Stated preference vs revealed preference.
    As much as the US sucks, it doesn't suck as much as shithead hopes it would. And I notice shithead has yet to decamp to his fave socialist workers' paradise.

  • ||

    "Success" meaning different things to different people, of course. The Holodomor being an unqualified success at intentionally starving to death undesirables. The fact that Tony considers the consequences of the policies he supports to be "success" should frighten anyone.

  • JW||

    Why are there no libertarian countries? Conservative welfare statist and co-founder of the New America Foundation Michael Lind claimed in Salon this week that that’s “the question libertarians just can’t answer.”

    Because the venal sheep that make up the citizenry turn to sociopathic, power-mad cunts to lead them?

  • Zeb||

    That's probably true. But it may well be an inherent problem in human societies, as much as I would like to believe that it is not.

  • ||

    Ha ha, he's a fat fuck. How unsurprising. I wonder if he supports laws to "control obesity".

  • Zombie Jimbo||

    To paraphrase Dean Wormer:

    Fat, stupid, and a statist is no way to go through life, son.

  • JW||

    Why have so many countries throughout history brutally oppressed their people, engaged in ruinous and kleptocratic economic practices and have murdered tens of millions of people? That's a question that bootlickers like Lind can't answer.

  • sarcasmic||

    Sure they can! The wrong people were in charge! Put the right people in charge, give them unlimited power, and utopia will always emerge! Except that the opposite always happens. Oh yeah! Wrong people were in charge!

  • Irish||

    I've already seen liberals using 'The wrong people were in charge!' in regards to the Obama administration. As scandals pile up, I'm really excited to see them start claiming that Obama was never a true liberal and that all the hero worship in 2008 never happened.

  • sarcasmic||

    Unfortunately they are incapable of understanding that concentrated power, not the individual who has it, is the problem.

  • Zeb||

    Even supposing that the right person being in charge could solve all the problems (which is not something I believe BTW), people seem to ignore the fact that no one has ever found a reliable way to make sure that the right person is in charge. Democracy sure doesn't do it.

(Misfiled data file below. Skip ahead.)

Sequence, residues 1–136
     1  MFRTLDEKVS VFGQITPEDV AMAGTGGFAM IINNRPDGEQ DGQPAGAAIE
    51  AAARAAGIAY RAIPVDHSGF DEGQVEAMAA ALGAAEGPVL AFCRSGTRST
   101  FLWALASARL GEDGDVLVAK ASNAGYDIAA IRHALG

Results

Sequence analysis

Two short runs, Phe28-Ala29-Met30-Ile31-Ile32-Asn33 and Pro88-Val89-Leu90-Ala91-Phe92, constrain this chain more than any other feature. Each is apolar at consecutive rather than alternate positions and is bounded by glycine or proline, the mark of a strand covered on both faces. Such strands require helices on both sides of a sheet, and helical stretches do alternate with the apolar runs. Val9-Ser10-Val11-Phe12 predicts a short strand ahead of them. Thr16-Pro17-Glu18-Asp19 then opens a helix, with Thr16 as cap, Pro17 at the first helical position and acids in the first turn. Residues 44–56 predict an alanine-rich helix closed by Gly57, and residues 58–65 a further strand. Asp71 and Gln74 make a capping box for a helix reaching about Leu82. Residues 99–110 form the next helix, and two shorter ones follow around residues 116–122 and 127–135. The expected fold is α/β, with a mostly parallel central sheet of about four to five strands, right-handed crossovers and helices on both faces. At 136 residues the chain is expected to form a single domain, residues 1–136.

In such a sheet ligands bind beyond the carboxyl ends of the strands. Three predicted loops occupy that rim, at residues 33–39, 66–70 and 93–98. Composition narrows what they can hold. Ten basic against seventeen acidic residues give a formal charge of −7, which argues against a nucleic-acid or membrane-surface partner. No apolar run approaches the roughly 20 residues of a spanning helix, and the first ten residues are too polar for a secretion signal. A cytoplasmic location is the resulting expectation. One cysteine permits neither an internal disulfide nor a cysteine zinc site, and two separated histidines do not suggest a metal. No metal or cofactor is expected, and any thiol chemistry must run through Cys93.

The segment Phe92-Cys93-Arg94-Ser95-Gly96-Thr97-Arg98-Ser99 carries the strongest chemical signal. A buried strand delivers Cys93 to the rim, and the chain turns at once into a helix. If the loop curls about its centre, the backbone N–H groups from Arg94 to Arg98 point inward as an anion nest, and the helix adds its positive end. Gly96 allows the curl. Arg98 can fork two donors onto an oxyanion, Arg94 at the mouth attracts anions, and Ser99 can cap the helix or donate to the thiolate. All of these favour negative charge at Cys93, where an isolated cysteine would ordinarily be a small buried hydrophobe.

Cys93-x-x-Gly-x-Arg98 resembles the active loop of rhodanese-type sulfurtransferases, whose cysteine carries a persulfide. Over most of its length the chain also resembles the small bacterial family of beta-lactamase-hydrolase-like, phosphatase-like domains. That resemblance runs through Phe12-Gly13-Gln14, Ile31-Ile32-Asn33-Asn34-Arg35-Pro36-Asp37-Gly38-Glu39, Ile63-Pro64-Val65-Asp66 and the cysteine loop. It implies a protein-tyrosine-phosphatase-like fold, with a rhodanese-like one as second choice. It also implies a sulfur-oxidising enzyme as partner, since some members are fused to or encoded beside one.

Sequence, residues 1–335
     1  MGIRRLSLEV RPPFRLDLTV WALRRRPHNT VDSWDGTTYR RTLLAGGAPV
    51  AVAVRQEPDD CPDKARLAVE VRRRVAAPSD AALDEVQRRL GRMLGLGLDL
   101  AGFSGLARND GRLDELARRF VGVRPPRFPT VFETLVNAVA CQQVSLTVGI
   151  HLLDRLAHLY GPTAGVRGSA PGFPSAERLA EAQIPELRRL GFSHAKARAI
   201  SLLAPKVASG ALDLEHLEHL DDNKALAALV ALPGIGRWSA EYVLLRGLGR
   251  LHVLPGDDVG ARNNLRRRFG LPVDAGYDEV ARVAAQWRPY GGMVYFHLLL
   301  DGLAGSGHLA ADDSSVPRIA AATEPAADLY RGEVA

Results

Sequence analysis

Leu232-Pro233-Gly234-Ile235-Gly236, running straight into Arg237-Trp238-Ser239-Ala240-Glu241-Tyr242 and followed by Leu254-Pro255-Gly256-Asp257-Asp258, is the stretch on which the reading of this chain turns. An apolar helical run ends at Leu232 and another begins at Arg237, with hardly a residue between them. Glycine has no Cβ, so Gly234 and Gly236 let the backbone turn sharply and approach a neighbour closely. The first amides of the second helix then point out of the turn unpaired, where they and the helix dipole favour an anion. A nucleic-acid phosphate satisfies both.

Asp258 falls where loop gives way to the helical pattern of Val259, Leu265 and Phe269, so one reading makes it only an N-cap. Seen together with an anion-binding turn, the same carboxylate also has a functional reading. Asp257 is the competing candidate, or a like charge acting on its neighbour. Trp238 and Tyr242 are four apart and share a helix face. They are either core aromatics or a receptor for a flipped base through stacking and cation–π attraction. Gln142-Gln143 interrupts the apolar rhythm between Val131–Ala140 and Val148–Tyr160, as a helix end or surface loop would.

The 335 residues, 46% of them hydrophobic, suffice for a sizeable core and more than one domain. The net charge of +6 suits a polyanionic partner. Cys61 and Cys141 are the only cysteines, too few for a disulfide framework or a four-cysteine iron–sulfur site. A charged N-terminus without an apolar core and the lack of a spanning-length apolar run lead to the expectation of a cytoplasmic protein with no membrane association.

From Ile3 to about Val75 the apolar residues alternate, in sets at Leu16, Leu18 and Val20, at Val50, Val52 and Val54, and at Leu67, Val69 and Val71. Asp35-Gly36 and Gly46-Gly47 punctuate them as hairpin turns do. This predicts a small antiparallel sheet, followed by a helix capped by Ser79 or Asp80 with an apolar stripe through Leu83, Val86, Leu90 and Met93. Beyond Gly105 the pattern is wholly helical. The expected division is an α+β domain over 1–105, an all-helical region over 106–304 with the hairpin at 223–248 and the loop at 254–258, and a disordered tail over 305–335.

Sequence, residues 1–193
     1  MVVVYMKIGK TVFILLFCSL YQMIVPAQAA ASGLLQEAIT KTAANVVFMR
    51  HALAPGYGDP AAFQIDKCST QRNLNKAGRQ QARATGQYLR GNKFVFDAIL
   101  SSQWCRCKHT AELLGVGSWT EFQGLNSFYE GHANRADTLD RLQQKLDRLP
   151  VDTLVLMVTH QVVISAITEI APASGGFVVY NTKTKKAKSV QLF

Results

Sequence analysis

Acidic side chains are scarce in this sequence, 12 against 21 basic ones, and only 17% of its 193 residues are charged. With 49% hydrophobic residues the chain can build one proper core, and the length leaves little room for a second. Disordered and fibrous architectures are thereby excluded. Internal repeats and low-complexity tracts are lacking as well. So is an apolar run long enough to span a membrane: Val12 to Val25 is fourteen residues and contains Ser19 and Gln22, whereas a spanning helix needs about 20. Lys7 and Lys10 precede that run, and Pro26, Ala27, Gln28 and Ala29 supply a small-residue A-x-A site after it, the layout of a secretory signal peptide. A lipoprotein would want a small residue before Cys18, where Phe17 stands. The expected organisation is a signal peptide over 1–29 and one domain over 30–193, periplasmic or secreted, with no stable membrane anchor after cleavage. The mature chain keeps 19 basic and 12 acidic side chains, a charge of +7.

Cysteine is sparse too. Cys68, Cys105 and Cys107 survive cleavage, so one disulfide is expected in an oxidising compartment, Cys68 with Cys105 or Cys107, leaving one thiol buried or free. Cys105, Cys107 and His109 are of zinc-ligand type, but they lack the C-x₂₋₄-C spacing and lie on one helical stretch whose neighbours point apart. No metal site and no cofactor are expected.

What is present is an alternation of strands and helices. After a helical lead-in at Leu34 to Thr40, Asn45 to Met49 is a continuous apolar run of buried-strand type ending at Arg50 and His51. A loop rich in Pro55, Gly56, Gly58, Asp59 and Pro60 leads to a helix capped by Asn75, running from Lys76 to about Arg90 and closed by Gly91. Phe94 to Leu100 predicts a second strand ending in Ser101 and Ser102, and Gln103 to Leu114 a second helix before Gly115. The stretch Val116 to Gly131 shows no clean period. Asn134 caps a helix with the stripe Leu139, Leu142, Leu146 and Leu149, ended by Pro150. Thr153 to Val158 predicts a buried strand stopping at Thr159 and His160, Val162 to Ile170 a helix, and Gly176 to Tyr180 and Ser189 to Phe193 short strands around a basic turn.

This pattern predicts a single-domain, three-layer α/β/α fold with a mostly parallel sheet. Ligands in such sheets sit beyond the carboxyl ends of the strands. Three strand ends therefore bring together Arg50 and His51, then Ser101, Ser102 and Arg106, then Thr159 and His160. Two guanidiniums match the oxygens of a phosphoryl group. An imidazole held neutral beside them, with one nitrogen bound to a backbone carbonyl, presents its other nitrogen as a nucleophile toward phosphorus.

• ||

    no one has ever found a reliable way to make sure that the right person is in charge. Democracy sure doesn't do it.

    Isn't the proletarian revolution supposed to take care of that? Worked in Cuba!

  • ||

    Didn't Obama put most of them there in the first place?

    Why should they take responsibility when their own leader is a master pass the bucker?

  • sarcasmic||

    A libertarian society in its fullness must exist right now or else that proves that it can never exist.

    That argument is a dead giveaway that the person you're dealing with is incapable of abstract thinking.

  • ||

    His sentence doesn't even make fucking sense.

  • sarcasmic||

    I like to lurk on Cafe Hayek. Some of the people who comment there make that exact same argument. "Show me a perfect libertarian society! You can't! That means it can't exist and all the ideas are crap!" Functional retards.

  • ||

    It's just one in a long line of grasping attempts to find a simplistic enough way to dismiss anti-statism that makes sense to people whose reasoning skills are on par with a slug, or possibly a cucumber. It's not a real argument, and it's not for who they're arguing with; it's for them. It salves their fevered little minds.

  • tarran||

    You know, that reminds me, I wonder what happened to muirgeo?

    My guess is that he was jailed after being convicted of rape after he gave an idiot the idiot's first-ever prostate exam.

  • sarcasmic||

    He's alive and well, posting as George Baella (sp? facebook commenting is blocked here at work). Still as stupid as ever.

  • sarcasmic||

    George White is videyos and the unpronouncable Russian name is Methinks. Disingenuous Kuehn shows up from time to time. JohnK (me) refuses to get a Facebook account so he stopped posting when they left Disquis.

  • ||

    I haven't spent time there in years now but it's depressing they switched to FB commenting.

  • OldMexican||

    But of course the proper comparison is not between Mauritius and the United States; it's between Mauritius now and Mauritius before it adopted market reforms


    This notion of comparing different countries with different levels of development is the usual tactic of the obfuscator and the intellectually dishonest. The above correlates well with Lind's brand of circular reasoning, explained in the author's question: "[...]but just how does Lind think that the large industrial democracies got be large industrial democracies?"